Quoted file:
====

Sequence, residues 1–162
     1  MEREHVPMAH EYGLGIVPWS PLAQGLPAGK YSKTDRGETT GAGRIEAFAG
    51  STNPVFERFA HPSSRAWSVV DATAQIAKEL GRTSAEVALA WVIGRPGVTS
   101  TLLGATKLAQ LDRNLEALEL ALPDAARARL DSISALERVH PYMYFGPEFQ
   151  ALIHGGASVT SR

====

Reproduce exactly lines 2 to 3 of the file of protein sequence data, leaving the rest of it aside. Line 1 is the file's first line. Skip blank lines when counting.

     1  MEREHVPMAH EYGLGIVPWS PLAQGLPAGK YSKTDRGETT GAGRIEAFAG
    51  STNPVFERFA HPSSRAWSVV DATAQIAKEL GRTSAEVALA WVIGRPGVTS